Crow Wing County officials are hoping value reductions on hundreds of tax-forfeited properties will entice people to buy at the public land sale later this month.
Among those properties are close to 70 parcels previously set aside for potential acquisition by a developer interested in building affordable workforce housing in Breezy Point. In a 4-1 decision, the county board voted June 23 to return these empty parcels to the public land sale auction in July — parcels removed from the list as the Crow Wing County Housing and Residential Authority worked to hash out an agreement with the housing developer based in Holdingford. Commissioner Bill Brekken, who represents Breezy Point on the county board, voted against the motion. The decision came after the board approved a request for action from Land Services Director Gary Griffin in late May to reduce the value by 25% of any tax-forfeited tracts left unsold for three years or more.
Griffin told the board the developer — identified as Bob Warzecha with HBW LLC in HRA materials — first intended to acquire 130-150 parcels before amending his request to about half that. These lots are scattered throughout the city, which is home to the highest concentration of tax-forfeited property in the county. In light of the board’s decision to reduce the value of unsold tracts, Griffin asked commissioners whether they were interested in making those parcels available to the public first, rather than allowing the HRA to proceed with the developer’s request.
Weighing in at the meeting via Microsoft Teams were Mark Miller, a Breezy Point resident and owner of MJ Builders of MN, Breezy Point City Council member Michael Moroni and resident Todd Roggenkamp. All three voiced support for the idea of making the land available during the public sale.
“I know a lot of people in Breezy Point that support this,” said Miller, who also serves on the city’s planning commission. “I think given the opportunity the county will see a large influx of purchasing at the July 24 auction that will bring in, you know, market value dollars for Crow Wing County.”
Mayor expresses disappointment
Not everyone in Breezy Point supports the interruption of the developer’s plans to work with HRA in building homes on the empty lots, many of which have languished on the county’s tax-forfeit list for years.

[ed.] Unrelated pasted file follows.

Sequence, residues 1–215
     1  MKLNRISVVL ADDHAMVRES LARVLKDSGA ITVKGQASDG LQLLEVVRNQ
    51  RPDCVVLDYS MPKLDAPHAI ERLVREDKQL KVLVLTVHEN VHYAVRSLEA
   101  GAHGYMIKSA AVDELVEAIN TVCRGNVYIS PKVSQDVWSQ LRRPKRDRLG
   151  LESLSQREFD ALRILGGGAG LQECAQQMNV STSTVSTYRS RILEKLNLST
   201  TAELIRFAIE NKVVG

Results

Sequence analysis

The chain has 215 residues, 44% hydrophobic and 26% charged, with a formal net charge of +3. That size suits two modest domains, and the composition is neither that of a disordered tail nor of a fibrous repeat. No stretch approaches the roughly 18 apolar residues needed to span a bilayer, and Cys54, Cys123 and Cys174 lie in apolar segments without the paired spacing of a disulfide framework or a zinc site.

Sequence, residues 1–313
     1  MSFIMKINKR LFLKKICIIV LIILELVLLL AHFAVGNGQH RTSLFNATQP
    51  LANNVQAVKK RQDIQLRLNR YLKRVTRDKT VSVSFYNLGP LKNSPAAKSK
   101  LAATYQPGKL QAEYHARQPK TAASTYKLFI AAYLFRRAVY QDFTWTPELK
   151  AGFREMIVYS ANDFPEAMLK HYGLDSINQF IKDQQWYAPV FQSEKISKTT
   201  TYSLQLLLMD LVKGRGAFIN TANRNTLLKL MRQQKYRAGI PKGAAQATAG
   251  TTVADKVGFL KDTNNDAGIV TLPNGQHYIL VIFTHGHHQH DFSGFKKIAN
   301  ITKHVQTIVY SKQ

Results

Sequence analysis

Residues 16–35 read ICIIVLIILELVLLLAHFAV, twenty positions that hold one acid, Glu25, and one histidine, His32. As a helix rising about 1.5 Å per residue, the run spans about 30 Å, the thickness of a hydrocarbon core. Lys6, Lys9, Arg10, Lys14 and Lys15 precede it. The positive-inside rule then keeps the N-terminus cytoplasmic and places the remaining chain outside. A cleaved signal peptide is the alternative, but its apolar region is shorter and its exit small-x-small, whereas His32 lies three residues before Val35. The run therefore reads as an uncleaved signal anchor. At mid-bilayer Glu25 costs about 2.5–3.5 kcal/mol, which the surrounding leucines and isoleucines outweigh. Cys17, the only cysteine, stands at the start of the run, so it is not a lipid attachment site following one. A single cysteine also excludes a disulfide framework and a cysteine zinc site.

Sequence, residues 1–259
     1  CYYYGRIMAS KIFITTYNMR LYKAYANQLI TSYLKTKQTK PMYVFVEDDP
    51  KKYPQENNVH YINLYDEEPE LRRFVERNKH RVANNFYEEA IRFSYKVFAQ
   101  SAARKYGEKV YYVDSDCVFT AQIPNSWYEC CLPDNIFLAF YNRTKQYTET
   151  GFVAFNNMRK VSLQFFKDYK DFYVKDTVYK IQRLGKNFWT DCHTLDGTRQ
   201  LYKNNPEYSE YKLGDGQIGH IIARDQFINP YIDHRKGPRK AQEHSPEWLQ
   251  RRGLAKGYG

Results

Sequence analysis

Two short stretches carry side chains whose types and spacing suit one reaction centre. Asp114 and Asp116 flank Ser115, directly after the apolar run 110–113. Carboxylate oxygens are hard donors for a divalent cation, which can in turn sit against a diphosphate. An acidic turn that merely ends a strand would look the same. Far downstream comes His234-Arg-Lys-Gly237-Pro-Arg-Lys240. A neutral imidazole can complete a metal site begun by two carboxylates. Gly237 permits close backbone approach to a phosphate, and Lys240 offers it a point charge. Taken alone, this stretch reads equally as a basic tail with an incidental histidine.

Mayor Tom Lillehei said by phone last week he had high hopes for the potential development. In a “Mayor’s Notebook” published on the city’s Facebook page June 19, Lillehei described the developer’s interest as “perhaps the most exciting event since I took office.”
He said the developer was doing his homework and seeking innovative solutions that could result in a major housing boom in the area. But he said he was disappointed with the county commissioners’ decision and felt as though they did not have all the information. This included the timeline of events, which Lillehei said was incorrectly relayed to board members. While Moroni told the board the developer came to light after the decision to reduce tax-forfeited values, Lillehei said he knew of the plans in late April, and Griffin said his office learned on May 15 of Warzecha’s HRA application.
“We’re looking at a developer that is willing to develop a large number of city lots into buildable homes and now all of a sudden it’s jerked out from under him,” Lillehei said during an interview. “You can probably tell I’m a little frustrated by that.”
He also noted he felt opposition to the developer’s plans was based in part on misinformation and bigotry shared on social media, claiming the new homes would be Section 8 housing and part of a plot to relocate Somali-Americans to the area.